squads. With the score tied 25-25, Montclair committed a service error and Rachel Wells would register a kill to give the Cougars the 27-25 set and a 1-0 advantage. The second set continued to be a back and forth fight, as there were 15 ties throughout the set. The teams had a total of 22 alternating points and neither team could take advantage and pull out in front until the final point of the set. Two serves by Alix Denison, one being an ace, gave Kean a 2826 win. They led the match 2-0. The third set saw Kean building an early 10-4 lead in the set. The Red Hawks showed their resilience and fight by narrowing the lead to 15-13 on a kill by Nicole Wojtowicz. Later in the set MSU went on a 10-3 run to give them a 24-23 lead, but they could not close out the set and would see their season end. Hansen scored the match point on an ace and Kean advanced to the semifinals with the three-set sweep. Following the match, the energy around the team remained posi-

tive, as it had all season, despite the season ending loss. Sara Girgus discussed the team’s successes and hopes for next season, saying, “This is only the beginning for this program. We had an amazing season and it’s just the foundation for years to come. We tied the school record for most wins in a season and next year we’re taking the record. As for Kean, they have no idea what’s coming for them next season.” Montclair tied their single season record for most wins in a season. Alyssa Batiste and Daniella Salemo both registered eight kills for Montclair. Nicole Wojtowicz contributed five kills, two aces and one block. Angela Campo assisted on 27 MSU points. Kaitlyn Irwin led the team with 20 digs. Salemo added 10 digs of her own. For the Cougars, Kaitlyn Hansen was a standout with 11 kills and three blocks. Jen Espinal also added nine kills of her own and Wells had eight. Alana Aranjo led Kean with 29 assists and Samantha Sacco had 12 digs.

Who’s Hot This Week

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Football Cortland












4- 5







W. Paterson



West. Conn.






This Week

11/10 @ Kean


1 p.m.

Last Week 11/4 MSU 55, Brockport 49 (2OT)

Men’s Soccer NJAC MSU RU-Camden RU-Newark W. Paterson Rowan Kean Ramapo Stockton TCNJ NJCU

7-1 6-2-1 5-4 4-4-1 4-4-1 4-5 4-5 3-5-1 3-6 2-7

Overall 17 - 2 16 - 2 -2 14 - 8 8-9-1 12 - 8 - 1 9 - 11 8-8-1 10 - 7 - 2 7 - 11 11 - 9

This Week NCAA National Tournament 11/10 vs. Salve Regina 11 a.m. Last Week NJAC Tournament 11/2 Rowan 2, MSU 1

Zak Westerberg Men’s Swimming & Diving Westerberg finished the last two meets with three wins, two second place finishes and one third place finish. Westerberg won the 100m freestyle and was part of the 400m and 500m freestyle relays that both took first.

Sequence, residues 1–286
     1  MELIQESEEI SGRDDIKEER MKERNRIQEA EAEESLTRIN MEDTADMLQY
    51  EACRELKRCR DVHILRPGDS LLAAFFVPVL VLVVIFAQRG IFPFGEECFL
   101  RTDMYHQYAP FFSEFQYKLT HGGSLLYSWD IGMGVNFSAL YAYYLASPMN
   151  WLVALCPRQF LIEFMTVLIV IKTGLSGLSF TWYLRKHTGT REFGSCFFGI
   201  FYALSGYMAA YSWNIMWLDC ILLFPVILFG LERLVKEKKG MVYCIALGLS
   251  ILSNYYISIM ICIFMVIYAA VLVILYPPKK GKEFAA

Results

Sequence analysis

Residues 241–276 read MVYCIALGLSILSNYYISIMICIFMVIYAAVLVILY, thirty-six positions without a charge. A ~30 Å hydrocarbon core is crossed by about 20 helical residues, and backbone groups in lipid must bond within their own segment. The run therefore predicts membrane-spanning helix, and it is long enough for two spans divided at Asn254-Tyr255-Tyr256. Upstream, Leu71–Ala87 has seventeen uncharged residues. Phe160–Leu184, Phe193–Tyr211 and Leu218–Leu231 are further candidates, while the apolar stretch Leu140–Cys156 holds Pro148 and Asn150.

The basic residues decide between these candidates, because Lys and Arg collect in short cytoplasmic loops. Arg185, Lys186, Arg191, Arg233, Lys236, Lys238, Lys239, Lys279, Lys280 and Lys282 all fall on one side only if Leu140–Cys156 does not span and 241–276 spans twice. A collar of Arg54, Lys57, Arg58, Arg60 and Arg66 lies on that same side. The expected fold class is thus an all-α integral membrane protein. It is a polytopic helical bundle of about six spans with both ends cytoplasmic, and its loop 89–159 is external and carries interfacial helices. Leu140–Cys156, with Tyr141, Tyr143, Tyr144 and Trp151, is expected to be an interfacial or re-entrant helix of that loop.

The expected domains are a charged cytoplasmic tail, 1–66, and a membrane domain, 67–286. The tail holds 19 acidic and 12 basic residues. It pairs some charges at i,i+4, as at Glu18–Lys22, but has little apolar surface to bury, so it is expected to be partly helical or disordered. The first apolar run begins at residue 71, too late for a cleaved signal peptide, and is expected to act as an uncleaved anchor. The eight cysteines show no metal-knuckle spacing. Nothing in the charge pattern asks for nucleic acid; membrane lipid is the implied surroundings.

Katherine LaCava Women’s Swimming & Diving LaCava was named NJAC Women’s Swimming and Diving Rookie of the Week after winning her first collegiate butterfly event with a time of 2:12.97, breaking the 37year-old MSU record of 2:14.53 set by Denise Killeen at the 1976 NCAA Championships.

Game of the Week Football @ Kean November 10, 1:00 p.m.

The Red Hawks will play their last game of the 2012 season against NJAC Rival Kean University. The 4-5 Red Hawks will take on the 5-3 Cougars at Kean. For updates, check out: and @TheMontclarion on Twitter

Women’s Soccer MSU Rowan TCNJ Stockton W. Paterson Kean Ramapo RU-Camden RU-Newark NJCU



8-1 7-1-1 6-1-2 6-2-1 5-4 4-3-2 2-7 1-7-1 1-7-1 1-8

15 - 1 - 3 12 - 3 - 1 14 - 1 - 3 16 - 3 - 3 9-9-2 11 - 5 - 4 7-9 4 - 14 - 1 4 - 15 - 1 6 - 11 - 2

This Week NCAA National Tournament 11/24 vs. Averett 5 p.m. Last Week NJAC Tournament 11/4 MSU 0, Kean 0 (2OT)

Field Hockey NJAC




19 - 1



15 - 5



15 - 6

W. Paterson


8 - 12



8 - 11



7 - 12



4 - 11

This Week NCAA National Tournament 11/10 vs. TBA 2 p.m. Last Week NJAC Tournament 11/3 MSU 6, W. Paterson 1 11/4 MSU 3, Rowan 0

Volleyball NJAC Overall Stockton Rowan RU-Camden Kean MSU Ramapo RU-Newark W. Paterson NJCU

8-0 7-1 6-2 5-3 4-4 3-5 2-6 1-7 0-8

27 - 6 22 - 9 23 - 7 27 - 10 22 - 11 13 - 14 15 - 12 14 - 11 7 - 20

This Week No Games Scheduled Last Week NJAC Tournament 11/2 Kean 3, MSU 0

Sandy Brings Out the Lighter Side of Sports. p. 18

Check out Red Hawks Win Double on Monday for Recaps of this Overtime Thriller. Weekend’s Games p. 16

Red Hawk Reaches New Heights

MSU alumnus signs with Atlanta Falcons Mike Panepinto Staf Writer